Motion, specifically movement, symbolizes life. We move with conscious intention, and we move in automatic response. Our activities combine both reflex and purposeful movement behavior. In most cases, the first supports the second, and the second triggers the first. Like two sides of a coin we cannot separate these easily or practically.
When we move, we think about intended movement, but we dismiss the subtle adjustments our bodies and minds make to support the initial intention. To some degree, our movements represent our physical strengths as well as our limitations, and our movements and body language can also forecast an emotional state.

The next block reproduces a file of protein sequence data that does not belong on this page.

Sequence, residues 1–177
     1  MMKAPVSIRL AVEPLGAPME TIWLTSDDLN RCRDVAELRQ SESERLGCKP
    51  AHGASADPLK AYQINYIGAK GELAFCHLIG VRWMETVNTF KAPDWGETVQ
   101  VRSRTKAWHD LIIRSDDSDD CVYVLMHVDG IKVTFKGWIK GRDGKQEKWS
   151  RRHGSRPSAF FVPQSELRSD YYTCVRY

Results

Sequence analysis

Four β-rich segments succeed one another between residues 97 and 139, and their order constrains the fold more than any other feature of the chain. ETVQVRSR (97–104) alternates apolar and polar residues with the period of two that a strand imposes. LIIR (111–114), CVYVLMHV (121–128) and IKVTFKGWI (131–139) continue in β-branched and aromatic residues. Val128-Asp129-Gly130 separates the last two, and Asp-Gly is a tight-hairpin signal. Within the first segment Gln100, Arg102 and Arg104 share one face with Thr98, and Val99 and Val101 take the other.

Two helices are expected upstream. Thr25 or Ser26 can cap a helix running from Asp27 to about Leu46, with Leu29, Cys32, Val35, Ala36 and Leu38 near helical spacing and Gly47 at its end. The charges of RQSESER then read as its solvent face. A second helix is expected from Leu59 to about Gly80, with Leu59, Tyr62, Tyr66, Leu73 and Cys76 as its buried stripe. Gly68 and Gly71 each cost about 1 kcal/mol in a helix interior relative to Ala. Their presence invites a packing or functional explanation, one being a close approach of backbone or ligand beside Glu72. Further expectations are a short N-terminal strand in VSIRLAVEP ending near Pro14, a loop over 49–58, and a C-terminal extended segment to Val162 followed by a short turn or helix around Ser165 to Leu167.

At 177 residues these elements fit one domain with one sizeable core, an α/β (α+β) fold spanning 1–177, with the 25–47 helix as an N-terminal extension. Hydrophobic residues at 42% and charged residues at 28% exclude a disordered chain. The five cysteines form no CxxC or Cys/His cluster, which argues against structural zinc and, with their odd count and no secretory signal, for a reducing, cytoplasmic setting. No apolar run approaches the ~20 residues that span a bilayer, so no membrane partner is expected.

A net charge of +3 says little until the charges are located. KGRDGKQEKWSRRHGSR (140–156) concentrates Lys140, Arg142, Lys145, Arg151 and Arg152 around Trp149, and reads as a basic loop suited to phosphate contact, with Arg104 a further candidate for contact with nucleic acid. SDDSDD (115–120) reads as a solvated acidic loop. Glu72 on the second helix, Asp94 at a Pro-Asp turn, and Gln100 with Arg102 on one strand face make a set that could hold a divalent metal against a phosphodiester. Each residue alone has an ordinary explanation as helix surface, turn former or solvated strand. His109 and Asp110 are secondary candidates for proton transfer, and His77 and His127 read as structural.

We often communicate about movement in pure and clean mechanical terms, but human movement surpasses simple angles, vectors, forces and directions. Human movement is a behavior, and directions. Human movement is a behavior, and we should think of it within behavioral parameters. In general fitness, conditioning, rehabilitation and medicine, movement measurements set a baseline. We measure with this baseline, whether enhancing performance or restoring a previous level of function.